CAIRO - Countering growing Islamophobic campaigns, Muslims students at University of Oklahoma are holding a lecture on Friday, April 12, to introduce the true meaning of jihad, a term that is usually misused by anti-Islam campaigners.
Jihad means to struggle or strive in a way or sake of God, Anosha Syeda, vice president of the Muslim Student Association, told The Oklahoma Daily.
Many times this word is given a negative connotation either by the media or government indicating that the religion of Islam encourages war, but in fact Islam promotes peace.
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Organized by OU's Muslim Student Association, the lecture will be held in the Fred Jones Jr. Museum of Art as part of the museum association's Islam Awareness Month.
Jihad is often stereotyped by Western media as meaning holy war.
But Muslim scholars have repeatedly affirmed that the word Jihad, which is mentioned in the Noble Qur'an, means "struggle" to do good and to remove injustice, oppression and evil from society.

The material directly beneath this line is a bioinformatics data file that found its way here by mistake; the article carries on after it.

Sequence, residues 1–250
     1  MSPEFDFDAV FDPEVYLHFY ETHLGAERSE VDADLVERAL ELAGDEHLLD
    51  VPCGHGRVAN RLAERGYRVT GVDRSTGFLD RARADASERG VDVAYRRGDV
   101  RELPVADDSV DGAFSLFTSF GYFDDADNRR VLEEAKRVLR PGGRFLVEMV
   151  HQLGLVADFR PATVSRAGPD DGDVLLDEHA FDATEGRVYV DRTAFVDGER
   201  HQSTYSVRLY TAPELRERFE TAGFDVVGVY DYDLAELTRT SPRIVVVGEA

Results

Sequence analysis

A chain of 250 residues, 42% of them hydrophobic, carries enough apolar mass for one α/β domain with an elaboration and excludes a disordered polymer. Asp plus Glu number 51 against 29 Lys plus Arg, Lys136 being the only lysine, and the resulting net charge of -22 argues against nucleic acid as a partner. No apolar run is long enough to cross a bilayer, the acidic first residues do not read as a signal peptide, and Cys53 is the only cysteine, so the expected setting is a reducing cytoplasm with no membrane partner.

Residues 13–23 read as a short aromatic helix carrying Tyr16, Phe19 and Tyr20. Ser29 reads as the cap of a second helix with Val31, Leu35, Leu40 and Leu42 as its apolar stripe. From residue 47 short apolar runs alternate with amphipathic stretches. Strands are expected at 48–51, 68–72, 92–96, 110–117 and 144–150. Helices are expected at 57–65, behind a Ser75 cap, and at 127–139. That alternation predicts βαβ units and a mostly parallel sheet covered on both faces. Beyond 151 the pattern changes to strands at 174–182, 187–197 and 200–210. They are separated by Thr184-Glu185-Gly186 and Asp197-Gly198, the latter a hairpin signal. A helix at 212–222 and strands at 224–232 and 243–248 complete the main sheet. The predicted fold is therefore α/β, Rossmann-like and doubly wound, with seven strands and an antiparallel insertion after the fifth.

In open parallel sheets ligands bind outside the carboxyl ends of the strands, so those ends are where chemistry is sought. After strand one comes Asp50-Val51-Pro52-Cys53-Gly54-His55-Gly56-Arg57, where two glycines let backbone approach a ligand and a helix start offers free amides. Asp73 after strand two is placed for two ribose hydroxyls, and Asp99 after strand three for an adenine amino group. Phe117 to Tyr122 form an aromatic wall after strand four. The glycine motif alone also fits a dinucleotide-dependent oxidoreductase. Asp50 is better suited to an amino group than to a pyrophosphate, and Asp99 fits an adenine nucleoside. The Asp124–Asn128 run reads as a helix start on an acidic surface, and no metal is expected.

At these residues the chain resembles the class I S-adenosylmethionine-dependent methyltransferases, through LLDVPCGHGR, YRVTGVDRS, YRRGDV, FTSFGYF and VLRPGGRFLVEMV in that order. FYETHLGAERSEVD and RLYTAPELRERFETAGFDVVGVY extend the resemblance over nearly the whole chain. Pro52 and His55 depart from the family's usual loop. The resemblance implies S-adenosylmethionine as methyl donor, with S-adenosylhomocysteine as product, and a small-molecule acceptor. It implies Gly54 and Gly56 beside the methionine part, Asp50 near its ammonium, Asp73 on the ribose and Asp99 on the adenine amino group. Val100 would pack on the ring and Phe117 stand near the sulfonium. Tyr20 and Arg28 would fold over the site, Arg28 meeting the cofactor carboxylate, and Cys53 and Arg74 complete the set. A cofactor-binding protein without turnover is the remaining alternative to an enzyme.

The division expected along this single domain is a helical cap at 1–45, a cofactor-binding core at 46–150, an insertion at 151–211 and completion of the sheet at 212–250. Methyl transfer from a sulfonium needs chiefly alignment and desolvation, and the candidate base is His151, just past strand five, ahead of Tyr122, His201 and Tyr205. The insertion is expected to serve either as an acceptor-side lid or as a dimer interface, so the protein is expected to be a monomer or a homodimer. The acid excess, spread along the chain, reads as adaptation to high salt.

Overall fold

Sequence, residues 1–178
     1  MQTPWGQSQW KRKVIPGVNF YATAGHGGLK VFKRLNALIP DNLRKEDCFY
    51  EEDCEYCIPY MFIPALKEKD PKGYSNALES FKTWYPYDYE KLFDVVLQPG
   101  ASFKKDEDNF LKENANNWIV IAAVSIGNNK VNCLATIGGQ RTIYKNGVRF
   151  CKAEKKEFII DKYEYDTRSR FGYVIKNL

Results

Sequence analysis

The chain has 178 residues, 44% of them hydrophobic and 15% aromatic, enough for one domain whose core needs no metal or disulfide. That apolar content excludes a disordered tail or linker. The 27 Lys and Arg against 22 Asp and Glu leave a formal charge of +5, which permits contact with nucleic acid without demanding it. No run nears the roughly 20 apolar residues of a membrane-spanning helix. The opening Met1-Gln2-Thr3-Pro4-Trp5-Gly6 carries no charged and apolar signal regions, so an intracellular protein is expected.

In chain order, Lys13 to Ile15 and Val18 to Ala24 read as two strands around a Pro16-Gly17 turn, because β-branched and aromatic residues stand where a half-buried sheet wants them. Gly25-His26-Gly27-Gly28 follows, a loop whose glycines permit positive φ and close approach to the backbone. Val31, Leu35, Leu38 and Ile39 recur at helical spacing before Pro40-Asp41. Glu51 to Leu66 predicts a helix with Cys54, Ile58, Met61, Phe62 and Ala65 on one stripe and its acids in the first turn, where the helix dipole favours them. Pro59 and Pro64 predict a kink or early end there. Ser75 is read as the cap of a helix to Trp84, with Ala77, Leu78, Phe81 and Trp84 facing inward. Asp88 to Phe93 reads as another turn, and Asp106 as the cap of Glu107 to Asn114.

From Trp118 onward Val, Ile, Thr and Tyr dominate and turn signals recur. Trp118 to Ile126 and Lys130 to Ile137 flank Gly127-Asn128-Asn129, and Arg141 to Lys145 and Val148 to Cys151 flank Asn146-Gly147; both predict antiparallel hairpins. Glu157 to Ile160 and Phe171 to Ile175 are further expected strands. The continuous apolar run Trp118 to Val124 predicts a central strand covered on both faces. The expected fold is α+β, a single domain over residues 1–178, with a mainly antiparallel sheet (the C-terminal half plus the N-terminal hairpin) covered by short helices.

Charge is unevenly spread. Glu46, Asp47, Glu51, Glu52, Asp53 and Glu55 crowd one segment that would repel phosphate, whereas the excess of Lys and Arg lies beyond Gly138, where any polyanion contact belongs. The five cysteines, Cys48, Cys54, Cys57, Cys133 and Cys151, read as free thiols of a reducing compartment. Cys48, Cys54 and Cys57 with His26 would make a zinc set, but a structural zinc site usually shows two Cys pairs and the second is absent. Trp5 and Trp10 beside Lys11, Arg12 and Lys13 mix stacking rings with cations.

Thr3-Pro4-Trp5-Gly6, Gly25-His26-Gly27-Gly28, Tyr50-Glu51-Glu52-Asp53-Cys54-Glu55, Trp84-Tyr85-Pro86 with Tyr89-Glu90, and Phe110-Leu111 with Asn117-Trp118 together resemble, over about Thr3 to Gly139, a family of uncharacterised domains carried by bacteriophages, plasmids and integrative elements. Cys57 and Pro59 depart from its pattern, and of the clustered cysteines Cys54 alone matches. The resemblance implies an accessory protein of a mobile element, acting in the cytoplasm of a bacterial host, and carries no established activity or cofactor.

Karen Armstrong, the prominent and prolific British writer on all three monotheistic religions, has criticized stereotyping the Arabic word "jihad" as merely meaning holy war.
It is important for everyone to understand the true meaning to prevent stereotypes about Islam, so they can allow themselves to have a better understanding of Islam and Muslims in general, Syeda said.
Oklahoma students' effort is not the first to correct misconceptions about the term jihad in Islam.
Trying to show the true meaning of jihad, American Muslims have launched a billboard campaign to explain the true and proper meaning of Jihad as believed and practiced by the majority of Muslims.
The campaign, which reached Chicago, San Francisco and Washington, includes putting up public ads on buses and trains as well as social media websites, where users are asked to tweet what their Jihad (struggle) is using the #MyJihad hashtag.
US Muslims, estimated at between seven to eight million, have been sensing hostility in recent months.
A recent report by CAIR, the University of California and Berkeley's Center for Race and Gender found that Islamophobia in the US is on the rise.
A US survey had also revealed that the majority of Americans know very little about Muslims and their faith.
A recent Gallup poll had found that 43 percent of Americans Nationwide admitted to feeling at least a little prejudice against Muslims.
Reproduced with permission from OnIslam.net